Spring Festival (January/February)
Spring Festival, also known as Chinese New Year or Lunar New Year, is one of the biggest and most celebrated holidays in the traditional Chinese culture. Spring Festival follows the Lunar Calendar and begins on the first day of the first month and ending on the 15th , which is known as the Lantern Festival. Spring Festival typically falls anywhere between the end of January to the end of February. Customs and traditions carried out within this holiday varies widely depending on regions, communities etc. Common customs include lavishing dining tables with many different types of dishes, delicacies and sweets. Foods typically served during this holiday include roasted pigs and ducks, fish, dumplings, Nian Gao, and tangerines.
Chinatown San Francisco holds an annual two-day Spring Festival celebration where people can experience Chinese cultural traditions and entertainment.
Chinese Culture Center of San Francisco holds the largest indoor celebration of Spring Festival where they offer Chinese puzzles, games, traditional arts and crafts and performances such as tai chi, GuZheng and dances. http://www.chineseparade.com/
Chinese New Year Parade route
Chinese Culture Center Spring Festival
Every year the Chinese Culture Center celebrates the Lunar New Year with a bang with the largest two-day indoor festival in San Francisco. Come ring in the New Year with music, arts and crafts with traditional paper cutting artists and renowned calligraphy masters. Indulge in an afternoon of fun and relaxation with families and friends and watch the magic and excitement come alive on stage with performances of all kinds – tai chi, traditional Chinese harp (Guzheng), singing and dancing!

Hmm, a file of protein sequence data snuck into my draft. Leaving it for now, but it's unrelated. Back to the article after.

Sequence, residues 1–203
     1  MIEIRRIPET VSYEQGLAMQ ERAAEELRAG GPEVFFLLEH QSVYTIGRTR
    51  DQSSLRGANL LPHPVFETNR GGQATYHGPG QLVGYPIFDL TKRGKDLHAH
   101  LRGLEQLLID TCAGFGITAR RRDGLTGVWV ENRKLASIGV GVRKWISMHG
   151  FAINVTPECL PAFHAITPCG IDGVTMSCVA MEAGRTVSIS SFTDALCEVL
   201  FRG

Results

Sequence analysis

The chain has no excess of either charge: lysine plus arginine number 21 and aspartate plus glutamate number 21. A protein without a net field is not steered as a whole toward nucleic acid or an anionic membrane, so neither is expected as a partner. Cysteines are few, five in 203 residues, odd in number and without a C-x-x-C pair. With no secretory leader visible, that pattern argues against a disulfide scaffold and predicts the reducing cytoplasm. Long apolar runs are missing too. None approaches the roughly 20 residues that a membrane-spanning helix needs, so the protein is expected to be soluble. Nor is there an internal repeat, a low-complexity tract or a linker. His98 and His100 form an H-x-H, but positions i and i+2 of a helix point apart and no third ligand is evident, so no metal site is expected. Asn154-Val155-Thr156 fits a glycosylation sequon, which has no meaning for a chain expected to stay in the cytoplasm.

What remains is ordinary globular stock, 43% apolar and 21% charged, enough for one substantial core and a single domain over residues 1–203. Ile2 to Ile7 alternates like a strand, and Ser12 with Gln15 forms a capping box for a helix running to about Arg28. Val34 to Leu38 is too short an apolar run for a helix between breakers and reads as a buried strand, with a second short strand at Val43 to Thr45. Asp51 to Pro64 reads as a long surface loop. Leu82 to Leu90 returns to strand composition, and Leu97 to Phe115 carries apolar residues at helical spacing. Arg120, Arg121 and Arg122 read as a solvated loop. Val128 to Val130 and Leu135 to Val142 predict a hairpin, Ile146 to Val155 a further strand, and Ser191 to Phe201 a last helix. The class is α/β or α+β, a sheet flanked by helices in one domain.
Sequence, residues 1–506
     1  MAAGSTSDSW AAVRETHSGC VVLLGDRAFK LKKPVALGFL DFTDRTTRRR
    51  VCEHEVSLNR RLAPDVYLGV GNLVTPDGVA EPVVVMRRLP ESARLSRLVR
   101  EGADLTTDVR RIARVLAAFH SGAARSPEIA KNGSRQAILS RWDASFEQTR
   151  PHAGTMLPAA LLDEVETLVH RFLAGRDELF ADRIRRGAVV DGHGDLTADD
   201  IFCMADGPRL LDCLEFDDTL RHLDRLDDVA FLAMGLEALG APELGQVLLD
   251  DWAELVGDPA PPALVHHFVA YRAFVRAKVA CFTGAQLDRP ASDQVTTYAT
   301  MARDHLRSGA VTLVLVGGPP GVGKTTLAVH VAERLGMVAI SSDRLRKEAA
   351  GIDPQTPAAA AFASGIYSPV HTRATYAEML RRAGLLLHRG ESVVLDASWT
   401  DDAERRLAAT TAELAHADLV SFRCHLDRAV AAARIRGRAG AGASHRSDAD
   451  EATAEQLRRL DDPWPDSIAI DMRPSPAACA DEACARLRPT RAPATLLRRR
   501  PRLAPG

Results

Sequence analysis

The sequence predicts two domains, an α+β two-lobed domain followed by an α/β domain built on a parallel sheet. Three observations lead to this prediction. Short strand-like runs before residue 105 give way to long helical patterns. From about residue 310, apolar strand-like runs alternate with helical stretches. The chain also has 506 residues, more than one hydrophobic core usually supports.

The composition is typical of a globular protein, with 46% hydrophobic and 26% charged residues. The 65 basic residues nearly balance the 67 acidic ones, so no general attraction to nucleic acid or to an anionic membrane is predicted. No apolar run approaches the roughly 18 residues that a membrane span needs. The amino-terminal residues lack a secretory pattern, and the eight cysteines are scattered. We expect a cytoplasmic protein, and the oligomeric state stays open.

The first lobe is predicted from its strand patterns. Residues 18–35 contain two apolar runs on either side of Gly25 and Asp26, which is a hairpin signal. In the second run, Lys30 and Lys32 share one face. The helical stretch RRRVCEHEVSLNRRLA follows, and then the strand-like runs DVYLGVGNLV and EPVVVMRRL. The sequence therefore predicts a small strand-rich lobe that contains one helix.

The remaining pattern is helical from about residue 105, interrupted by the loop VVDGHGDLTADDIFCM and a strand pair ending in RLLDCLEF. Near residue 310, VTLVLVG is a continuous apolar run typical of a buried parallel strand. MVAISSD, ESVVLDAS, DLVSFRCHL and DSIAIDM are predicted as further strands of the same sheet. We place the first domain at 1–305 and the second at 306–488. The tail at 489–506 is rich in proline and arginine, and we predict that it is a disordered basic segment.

Please visit the website and tune in for more details as the festival time approaches. www.c-c-c.org
Chinese New year Run
The Chinatown YMCA, in San Francisco's historic Chinatown, has been hosting an annual "Chinese New Year Run" for 33 years. The route starts at Sacramento and Grant, wind its way through Chinatown and North Beach, and finishes on Kearny between California and Sacramento.
The proceeds from the run benefit YMCA's physical education program which serves more than 1,200 students from Chinatown and the surrounding neighborhoods. The event expects 2,000 participants and 300 volunteers.
For more information, go to YMCA
Chinese new year treasure hunt (Spring January/February)
The Chinese New Year Treasure Hunt is the largest and most popular urban sleuthing adventure in America. The Hunt is played on the streets of Chinatown, North Beach, and Telegraph Hill on the night of the annual Chinese New Year Parade Saturday.
How to play the game:
There are three difficulty levels: “Beginner’s Hunt,” for first-timers; “Regular Hunt,” for those with sharper wits and some Hunt experience; and “Master’s Hunt,” for seasoned veterans and past winners of the Regular Hunt. At 9:00 pm, back at Justin Herman Plaza, Wechter will explain the clues, revealing the secrets, puns and puzzles of the evening. The top three teams in each hunt are awarded a Treasure Hunt cake (with the winners getting the coveted “Key to the City” cake), a bottle of champagne and the grail of all grails, the Chinese New Year Treasure Hunt award certificate.
Ticket prices are from $30 to $40 for adults and $10 for kids under 18. For more information:
- www.sftreasurehunts.com or telephone 415-564-9400.
- Watch a clip at http://www.youtube.com/watch?v=tHWWOVI1dtI
Noodle fest (early May)